Departments of France
In the administrative divisions of France, the department is one of the three levels of government below the national level, between the administrative regions and the commune. Ninety-six departments are in metropolitan France, five are overseas departments, which are classified as regions. Departments are further subdivided into 334 arrondissements, themselves divided into cantons; each department is administered by an elected body called a departmental council. From 1800 to April 2015, these were called general councils; each council has a president. Their main areas of responsibility include the management of a number of social and welfare allowances, of junior high school buildings and technical staff, local roads and school and rural buses, a contribution to municipal infrastructures. Local services of the state administration are traditionally organised at departmental level, where the prefect represents the government; the departments were created in 1790 as a rational replacement of Ancien Régime provinces with a view to strengthen national unity.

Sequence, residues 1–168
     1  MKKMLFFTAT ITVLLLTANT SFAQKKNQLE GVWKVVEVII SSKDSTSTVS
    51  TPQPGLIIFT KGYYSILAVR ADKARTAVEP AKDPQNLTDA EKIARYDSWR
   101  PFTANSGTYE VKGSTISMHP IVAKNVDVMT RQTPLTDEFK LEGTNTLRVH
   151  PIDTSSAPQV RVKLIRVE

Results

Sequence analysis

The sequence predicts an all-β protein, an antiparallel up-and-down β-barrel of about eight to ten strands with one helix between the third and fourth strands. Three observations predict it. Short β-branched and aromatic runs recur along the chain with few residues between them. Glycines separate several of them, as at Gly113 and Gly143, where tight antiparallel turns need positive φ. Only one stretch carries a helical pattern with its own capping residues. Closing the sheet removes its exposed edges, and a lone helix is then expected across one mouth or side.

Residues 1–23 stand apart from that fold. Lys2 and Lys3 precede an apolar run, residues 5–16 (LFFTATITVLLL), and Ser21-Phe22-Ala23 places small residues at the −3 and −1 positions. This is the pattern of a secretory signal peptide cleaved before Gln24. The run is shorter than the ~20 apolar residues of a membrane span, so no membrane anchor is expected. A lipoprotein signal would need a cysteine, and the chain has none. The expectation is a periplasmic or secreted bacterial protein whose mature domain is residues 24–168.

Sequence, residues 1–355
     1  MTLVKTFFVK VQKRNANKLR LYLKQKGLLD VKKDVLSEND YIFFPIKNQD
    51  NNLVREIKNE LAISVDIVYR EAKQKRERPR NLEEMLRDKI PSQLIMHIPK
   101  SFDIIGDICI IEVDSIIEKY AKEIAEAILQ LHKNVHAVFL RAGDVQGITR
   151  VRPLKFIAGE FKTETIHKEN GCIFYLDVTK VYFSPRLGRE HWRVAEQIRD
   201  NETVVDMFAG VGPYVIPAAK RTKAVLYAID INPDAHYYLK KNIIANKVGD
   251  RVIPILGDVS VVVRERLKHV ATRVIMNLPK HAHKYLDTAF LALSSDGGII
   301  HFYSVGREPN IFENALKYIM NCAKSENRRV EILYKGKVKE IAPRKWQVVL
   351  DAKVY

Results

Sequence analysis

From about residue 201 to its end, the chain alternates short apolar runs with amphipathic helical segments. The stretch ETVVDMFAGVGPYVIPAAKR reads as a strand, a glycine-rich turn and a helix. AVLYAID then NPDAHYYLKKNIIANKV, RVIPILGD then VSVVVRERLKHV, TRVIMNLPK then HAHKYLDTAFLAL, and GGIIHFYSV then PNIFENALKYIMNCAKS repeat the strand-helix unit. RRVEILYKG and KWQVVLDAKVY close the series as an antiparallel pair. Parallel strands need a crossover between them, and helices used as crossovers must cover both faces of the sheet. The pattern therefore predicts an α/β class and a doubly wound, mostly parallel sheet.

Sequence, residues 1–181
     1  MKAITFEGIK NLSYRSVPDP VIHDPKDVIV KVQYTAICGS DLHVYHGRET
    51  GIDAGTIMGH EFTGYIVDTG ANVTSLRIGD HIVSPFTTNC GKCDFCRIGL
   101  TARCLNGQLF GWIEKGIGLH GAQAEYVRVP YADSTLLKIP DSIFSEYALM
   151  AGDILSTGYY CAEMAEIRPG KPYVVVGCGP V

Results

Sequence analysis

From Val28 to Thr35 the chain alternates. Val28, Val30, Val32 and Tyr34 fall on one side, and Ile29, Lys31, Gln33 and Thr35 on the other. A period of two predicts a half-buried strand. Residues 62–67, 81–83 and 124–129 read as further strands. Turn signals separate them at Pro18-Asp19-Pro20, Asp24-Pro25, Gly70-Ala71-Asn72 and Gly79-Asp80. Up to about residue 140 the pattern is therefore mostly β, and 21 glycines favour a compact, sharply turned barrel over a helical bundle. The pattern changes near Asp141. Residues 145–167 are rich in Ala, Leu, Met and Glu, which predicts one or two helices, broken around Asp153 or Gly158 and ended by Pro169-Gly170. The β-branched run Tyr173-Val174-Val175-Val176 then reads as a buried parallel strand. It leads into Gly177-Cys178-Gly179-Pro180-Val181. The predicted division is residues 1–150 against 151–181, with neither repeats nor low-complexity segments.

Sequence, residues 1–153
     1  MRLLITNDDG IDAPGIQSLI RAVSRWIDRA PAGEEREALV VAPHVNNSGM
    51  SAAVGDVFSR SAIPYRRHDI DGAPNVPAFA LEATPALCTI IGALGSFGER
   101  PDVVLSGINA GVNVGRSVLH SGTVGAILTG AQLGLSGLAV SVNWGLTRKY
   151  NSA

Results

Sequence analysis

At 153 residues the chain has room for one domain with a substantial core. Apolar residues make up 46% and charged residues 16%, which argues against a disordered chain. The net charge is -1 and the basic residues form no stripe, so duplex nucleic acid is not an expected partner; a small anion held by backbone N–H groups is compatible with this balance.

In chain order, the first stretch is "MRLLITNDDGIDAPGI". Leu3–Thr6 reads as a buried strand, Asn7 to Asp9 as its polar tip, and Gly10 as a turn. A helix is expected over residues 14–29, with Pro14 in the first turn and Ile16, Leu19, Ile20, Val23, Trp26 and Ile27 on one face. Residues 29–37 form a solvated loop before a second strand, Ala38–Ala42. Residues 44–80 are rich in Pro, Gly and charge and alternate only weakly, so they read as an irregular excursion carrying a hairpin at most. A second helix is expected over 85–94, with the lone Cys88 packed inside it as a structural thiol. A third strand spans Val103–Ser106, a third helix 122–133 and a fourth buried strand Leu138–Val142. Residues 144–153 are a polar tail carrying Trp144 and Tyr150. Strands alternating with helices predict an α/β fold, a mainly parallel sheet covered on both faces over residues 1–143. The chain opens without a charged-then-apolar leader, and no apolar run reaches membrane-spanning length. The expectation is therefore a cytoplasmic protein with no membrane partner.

All of them were named after physical geographical features, rather than after historical or cultural territories which could have their own loyalties. The division of France into departments was a project identified with the French revolutionary leader the Abbé Sieyès, although it had been discussed and written about by many politicians and thinkers; the earliest known suggestion of it is from 1764 in the writings of d'Argenson. They have inspired similar divisions in some of them former French colonies. Most French departments are assigned a two-digit number, the "Official Geographical Code", allocated by the Institut national de la statistique et des études économiques. Overseas departments have a three-digit number; the number is used, for example, in the postal code, was until used for all vehicle registration plates. While residents use the numbers to refer to their own department or a neighbouring one, more distant departments are referred to by their names, as few people know the numbers of all the departments.